😉

    sNAILmALEnotHAIL …but pace’n myself

    https://m.youtube.com/channel/UCeDkezgoyyZAlN7nW1tlfeA

    life is for learning so all my failures must mean that I’m wicked smart

    >

  4. Stephan says:

    Interesting, and I agree with your assessment of the issues in the paper. More broadly ,however, there are papers that suggest that Arctic processes will be changed significantly whatever emissions scenario is followed and I’m not sure we should be sanguine about the rate of warming and its impacts.

    Lastly, I’m not sure the name of the model is a ‘racial slur’. AFAICT it’s a commonly used name for the Inuit and Yupiit peoples (from Wikipedia). It’s certainly not pejorative as I understand it.

  5. wmconnolley says:

    My favourite example of the use of domain knowledge is beekeeping, where a very small amount of knowledge (and a veil…) transforms an irritating / dangerous swarm of bees into a valuable resource.

  6. gwws says:

    The point of the paper is that over a long period of 500 years slow feed backs which are not visible in a hundred years may determine the dynamics. According to this paper these feed backs are NH4, a decrease of surface albedo by 10% over 500 years and an increase in water vapour. The simplicity of the model makes it possible to do the necessary simulations over a period of 500 years. Dynamical systems may evolve in unexpected ways. There is no reason why the results should change towards a more mankind-friendly scenario in more complex models.

  7. Willard says:

    > And I wont repeat in this comment

    Drive-by done, Greg.

  8. Stephan,

    Lastly, I’m not sure the name of the model is a ‘racial slur’. AFAICT it’s a commonly used name for the Inuit and Yupiit peoples (from Wikipedia). It’s certainly not pejorative as I understand it.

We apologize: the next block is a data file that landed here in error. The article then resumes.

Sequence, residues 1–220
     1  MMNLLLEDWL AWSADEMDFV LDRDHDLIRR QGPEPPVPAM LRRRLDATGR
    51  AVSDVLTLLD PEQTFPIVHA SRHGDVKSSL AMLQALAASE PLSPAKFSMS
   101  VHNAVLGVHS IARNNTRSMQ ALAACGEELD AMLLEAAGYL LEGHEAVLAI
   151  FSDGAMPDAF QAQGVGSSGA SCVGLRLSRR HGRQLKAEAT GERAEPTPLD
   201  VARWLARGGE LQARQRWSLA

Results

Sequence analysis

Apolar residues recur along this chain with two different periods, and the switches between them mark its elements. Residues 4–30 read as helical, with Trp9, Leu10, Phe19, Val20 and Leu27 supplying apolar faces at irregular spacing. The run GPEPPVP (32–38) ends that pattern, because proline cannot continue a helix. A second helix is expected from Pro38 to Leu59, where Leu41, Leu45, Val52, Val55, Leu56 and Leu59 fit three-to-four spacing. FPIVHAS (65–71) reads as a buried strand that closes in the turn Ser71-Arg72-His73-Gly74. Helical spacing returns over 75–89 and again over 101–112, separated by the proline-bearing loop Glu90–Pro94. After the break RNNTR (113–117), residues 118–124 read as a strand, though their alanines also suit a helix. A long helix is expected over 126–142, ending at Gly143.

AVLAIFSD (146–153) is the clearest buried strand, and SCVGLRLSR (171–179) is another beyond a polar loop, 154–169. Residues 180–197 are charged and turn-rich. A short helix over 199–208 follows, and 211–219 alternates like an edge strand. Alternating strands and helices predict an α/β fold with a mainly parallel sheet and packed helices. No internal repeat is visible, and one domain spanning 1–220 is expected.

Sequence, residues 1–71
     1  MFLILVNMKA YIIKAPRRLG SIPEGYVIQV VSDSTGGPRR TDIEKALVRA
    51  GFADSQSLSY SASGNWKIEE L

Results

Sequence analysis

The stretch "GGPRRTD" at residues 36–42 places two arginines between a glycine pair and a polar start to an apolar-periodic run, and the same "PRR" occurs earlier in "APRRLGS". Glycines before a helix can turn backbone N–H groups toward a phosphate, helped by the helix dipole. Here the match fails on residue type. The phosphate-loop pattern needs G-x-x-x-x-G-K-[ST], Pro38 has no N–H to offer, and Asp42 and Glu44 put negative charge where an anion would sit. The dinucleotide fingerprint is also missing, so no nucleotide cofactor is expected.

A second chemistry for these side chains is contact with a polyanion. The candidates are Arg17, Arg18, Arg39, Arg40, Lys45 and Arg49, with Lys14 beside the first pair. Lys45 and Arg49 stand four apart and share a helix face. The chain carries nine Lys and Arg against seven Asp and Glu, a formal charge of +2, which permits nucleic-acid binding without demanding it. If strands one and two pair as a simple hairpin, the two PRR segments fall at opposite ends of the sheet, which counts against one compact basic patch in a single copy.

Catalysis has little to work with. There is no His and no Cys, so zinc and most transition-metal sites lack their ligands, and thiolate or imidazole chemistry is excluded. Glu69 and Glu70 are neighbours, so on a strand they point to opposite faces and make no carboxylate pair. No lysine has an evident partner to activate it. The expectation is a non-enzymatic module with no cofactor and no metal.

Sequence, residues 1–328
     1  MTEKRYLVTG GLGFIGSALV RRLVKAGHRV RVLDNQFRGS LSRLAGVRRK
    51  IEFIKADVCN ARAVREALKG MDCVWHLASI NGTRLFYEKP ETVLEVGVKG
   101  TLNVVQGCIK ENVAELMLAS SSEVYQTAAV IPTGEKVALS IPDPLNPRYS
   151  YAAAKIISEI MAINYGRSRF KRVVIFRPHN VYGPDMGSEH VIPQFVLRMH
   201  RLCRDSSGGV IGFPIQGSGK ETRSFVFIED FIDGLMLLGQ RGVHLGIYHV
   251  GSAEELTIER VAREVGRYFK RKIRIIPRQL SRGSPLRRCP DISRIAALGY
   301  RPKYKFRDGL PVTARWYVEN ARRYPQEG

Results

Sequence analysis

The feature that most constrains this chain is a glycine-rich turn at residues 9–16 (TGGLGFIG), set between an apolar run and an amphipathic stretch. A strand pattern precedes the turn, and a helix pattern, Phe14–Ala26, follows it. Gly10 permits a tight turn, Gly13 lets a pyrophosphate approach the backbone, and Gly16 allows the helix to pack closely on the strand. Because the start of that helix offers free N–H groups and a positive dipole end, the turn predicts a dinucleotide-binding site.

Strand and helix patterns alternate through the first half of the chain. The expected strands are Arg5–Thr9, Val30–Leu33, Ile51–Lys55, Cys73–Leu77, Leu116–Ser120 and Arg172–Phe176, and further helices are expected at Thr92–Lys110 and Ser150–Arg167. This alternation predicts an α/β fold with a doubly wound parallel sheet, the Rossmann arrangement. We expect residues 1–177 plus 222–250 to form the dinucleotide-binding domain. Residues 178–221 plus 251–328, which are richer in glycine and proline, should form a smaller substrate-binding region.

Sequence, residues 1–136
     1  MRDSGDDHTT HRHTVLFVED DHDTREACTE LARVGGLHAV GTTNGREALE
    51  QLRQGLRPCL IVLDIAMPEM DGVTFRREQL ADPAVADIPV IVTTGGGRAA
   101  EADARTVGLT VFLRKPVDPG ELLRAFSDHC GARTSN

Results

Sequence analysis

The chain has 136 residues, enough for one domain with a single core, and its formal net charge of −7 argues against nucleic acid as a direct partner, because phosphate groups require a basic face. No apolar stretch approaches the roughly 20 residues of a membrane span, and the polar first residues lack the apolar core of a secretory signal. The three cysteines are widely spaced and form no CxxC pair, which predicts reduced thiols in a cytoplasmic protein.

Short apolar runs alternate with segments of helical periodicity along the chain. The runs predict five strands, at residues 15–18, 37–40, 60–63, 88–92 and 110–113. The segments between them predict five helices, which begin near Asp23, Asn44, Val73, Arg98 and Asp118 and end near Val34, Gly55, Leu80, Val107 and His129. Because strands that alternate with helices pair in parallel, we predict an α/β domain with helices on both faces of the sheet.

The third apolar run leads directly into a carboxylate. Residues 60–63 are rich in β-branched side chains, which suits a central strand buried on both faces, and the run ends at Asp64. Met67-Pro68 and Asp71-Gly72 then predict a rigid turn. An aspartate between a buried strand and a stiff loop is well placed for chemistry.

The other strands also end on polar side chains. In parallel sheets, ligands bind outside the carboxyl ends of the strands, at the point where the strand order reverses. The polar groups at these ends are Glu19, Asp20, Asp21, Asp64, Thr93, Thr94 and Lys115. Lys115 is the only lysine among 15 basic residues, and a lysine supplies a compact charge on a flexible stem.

My understanding is that it is now regarded as unacceptable.

  9. Willard says:

    See also:

    People in many parts of the Arctic consider Eskimo a derogatory term because it was widely used by racist, non-native colonizers. Many people also thought it meant eater of raw meat, which connoted barbarism and violence. Although the word’s exact etymology is unclear, mid-century anthropologists suggested that the word came from the Latin word excommunicati, meaning the excommunicated ones, because the native people of the Canadian Arctic were not Christian.

    But now there’s a new theory. According to the Alaska Native Language Center at the University of Alaska Fairbanks, linguists believe the word Eskimo actually came from the French word esquimaux, meaning one who nets snowshoes. Netting snowshoes is the highly-precise way that Arctic peoples built winter footwear by tightly weaving, or netting, sinew from caribou or other animals across a wooden frame.

    https://www.npr.org/sections/goatsandsoda/2016/04/24/475129558/why-you-probably-shouldnt-say-eskimo

    Who’d have thunk that the word came from those who colonized the North.

  10. Vidar says:

    Jørgen Randers is a Norwegian academic, economist, professor emeritus of climate strategy at the BI Norwegian Business School, and practitioner in the field of future studies. His professional field encompasses model-based futures studies, scenario analysis, system dynamics, sustainability, climate, energy and ecological economics.

    His paper has been more or less debunked by climate scientist, who calls it “Doomsday nonsense” and “hopelessly inadequate model”.

    Economist Randers says that the only way we can save the planet is to suck massive amount of CO2 out from the air. The guy first say that the earth is doomed, then add “unless we suck massive amaunt of CO2 out of the air”.
    My questions is; to what cost, and who few people will this CCS benefit economically?
    What agenda does Randers really have?
    I am very sceptic.

  11. Vidar,
    I must admit that I hadn’t assumed any kind of alterior motive. My default assumption in these cases is that it’s someone who thinks they’re so clever that they don’t need to spend much time talking with domain experts before making some kind of strong claim, because they think they can work it out all by themselves.

  12. Everett F Sargent says:

    Steven Mosher,

    Yes. I would, IF they had done a run of PI conditions through to say 2500. In other words, is this trash heap of a model stable under natural PI conditions? I don’t see where they ran their model to equilibrium conditions using PI forcings (not shown in their 2016 paper either). Run their model for most of the Holocene even. Demonstrate that this so-called model does not run away by itself or run to some equilibrium that is significantly different from existing historical conditions.